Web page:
Other significant innovations of Utopia include: a welfare state with free hospitals, euthanasia permissible by the state, priests being allowed to marry, divorce permitted, premarital sex punished by a lifetime of enforced celibacy and adultery being punished by enslavement. Meals are taken in community dining halls and the job of feeding the population is given to a different household in turn. Although all are fed the same, Raphael explains that the old and the administrators are given the best of the food. Travel on the island is only permitted with an internal passport and any people found without a passport are, on a first occasion, returned in disgrace, but after a second offence they are placed in slavery. In addition, there are no lawyers and the law is made deliberately simple, as all should understand it and not leave people in any doubt of what is right and wrong.
Our goal is to provide you with years of carefree and enjoyable ownership of your motorhome, towable or boat. If you own a Winnebago Industries product and have a question about it, we encourage you to contact us by phone, email or using the form below. For inquiries related to your current vehicle, service or dealer inquiries, please have the serial number, date of purchase and selling dealer’s name available.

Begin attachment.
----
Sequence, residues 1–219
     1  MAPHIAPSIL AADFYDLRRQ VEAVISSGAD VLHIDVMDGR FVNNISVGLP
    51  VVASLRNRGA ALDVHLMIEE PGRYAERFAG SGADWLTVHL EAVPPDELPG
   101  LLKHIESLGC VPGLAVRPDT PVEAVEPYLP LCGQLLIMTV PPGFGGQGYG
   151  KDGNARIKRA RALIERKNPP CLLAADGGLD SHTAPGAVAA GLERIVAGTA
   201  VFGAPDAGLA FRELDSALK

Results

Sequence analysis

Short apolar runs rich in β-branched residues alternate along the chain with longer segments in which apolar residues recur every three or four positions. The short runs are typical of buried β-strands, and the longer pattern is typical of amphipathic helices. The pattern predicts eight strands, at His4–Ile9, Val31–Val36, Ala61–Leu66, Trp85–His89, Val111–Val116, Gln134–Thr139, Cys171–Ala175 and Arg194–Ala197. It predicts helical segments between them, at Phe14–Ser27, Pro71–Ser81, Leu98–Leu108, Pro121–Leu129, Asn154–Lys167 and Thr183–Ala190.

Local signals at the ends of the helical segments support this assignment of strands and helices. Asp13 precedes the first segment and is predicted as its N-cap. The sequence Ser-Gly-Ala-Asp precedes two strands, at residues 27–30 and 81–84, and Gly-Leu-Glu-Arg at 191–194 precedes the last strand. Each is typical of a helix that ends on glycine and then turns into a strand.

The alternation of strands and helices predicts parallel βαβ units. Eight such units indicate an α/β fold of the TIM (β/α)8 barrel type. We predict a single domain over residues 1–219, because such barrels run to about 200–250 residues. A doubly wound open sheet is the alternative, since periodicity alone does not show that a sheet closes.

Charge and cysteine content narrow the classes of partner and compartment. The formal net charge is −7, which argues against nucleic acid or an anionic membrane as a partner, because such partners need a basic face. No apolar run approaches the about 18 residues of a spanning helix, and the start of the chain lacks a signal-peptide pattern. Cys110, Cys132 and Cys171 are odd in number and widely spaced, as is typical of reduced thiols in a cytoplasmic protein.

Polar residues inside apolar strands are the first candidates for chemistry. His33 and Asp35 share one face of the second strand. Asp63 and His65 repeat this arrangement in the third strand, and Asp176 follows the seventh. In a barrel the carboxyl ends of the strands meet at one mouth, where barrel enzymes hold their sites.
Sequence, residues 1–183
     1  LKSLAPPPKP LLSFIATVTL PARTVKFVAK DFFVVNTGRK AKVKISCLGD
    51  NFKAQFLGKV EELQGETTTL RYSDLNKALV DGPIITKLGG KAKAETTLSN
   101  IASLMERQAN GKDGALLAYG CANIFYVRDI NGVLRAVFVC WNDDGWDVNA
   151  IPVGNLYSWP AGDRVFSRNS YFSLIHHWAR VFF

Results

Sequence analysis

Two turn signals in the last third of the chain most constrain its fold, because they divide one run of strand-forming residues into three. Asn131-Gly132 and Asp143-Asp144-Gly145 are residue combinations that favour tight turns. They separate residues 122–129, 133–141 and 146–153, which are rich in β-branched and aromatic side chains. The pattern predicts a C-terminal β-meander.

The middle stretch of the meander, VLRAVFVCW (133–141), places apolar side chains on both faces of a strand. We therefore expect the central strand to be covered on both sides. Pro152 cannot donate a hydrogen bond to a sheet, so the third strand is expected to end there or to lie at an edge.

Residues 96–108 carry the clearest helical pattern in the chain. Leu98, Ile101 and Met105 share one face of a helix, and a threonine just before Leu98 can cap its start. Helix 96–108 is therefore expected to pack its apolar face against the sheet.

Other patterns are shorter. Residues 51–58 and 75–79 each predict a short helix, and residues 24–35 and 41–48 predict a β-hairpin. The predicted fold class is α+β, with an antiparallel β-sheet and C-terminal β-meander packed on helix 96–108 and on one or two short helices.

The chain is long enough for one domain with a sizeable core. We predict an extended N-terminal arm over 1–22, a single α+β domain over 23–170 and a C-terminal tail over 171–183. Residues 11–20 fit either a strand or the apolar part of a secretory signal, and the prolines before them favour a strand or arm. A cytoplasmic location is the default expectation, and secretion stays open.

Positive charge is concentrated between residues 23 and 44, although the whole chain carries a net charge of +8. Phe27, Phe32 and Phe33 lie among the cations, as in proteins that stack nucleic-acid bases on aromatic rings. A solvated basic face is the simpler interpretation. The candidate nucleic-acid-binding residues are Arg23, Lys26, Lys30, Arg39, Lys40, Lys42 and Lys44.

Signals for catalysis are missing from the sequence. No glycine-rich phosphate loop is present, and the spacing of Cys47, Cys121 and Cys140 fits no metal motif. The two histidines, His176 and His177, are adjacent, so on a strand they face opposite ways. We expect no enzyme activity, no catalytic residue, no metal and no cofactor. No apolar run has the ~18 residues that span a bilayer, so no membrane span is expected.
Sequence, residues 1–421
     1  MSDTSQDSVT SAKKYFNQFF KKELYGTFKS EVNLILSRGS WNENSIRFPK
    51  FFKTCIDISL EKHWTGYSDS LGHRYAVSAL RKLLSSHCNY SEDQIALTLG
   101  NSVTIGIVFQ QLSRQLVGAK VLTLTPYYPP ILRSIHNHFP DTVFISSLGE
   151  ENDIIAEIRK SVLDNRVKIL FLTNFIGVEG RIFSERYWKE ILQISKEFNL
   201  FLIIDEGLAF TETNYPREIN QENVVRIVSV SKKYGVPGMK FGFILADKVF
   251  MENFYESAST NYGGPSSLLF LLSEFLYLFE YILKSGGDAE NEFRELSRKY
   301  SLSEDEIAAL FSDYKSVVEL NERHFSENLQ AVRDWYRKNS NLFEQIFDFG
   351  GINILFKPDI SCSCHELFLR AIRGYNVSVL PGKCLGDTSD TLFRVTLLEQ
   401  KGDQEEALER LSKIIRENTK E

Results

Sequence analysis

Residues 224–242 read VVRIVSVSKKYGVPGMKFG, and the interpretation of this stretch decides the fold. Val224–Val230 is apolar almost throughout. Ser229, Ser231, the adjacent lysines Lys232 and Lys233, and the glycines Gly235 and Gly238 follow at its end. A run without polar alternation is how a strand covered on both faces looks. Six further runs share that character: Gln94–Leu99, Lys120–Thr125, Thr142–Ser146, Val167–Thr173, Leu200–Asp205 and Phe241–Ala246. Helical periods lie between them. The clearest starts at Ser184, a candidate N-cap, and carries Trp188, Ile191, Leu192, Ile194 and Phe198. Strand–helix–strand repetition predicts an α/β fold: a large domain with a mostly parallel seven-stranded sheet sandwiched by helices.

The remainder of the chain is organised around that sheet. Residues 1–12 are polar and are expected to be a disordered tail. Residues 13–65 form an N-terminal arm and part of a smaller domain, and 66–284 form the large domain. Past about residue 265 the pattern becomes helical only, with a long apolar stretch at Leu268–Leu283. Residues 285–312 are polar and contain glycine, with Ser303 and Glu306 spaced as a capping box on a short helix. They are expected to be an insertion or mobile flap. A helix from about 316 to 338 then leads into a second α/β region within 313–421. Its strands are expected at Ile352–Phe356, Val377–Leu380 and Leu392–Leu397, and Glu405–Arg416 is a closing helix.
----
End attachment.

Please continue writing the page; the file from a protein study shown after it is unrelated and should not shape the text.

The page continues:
Utopia has a more playful tone than one might think. While More's world is illustrating whatever point he is trying to get across, he is having fun engaging in creating his own world, as is demonstrated in the way he phrases "Then let me implore you, my dear Raphael,' said I, 'describe that island [Utopia] to us!"(Getty 323). He also says "When Raphael had finished his story, I was left thinking that quite a few of the laws and customs he had described as existing among the Utopians were really absurd." This demonstrates that he realizes his world is bizarre, and wants others to realize how out of place it was in their society. More is quite anxious to create his world, and pieces it together in great detail, taking pleasure in what makes world different from our own. However, he wants the reader to take his story seriously, which is why he bases it in reality, saying it is a part of the “New World.” This being the parts of America and its surrounding islands discovered by Amerigo Vespucci in 1497.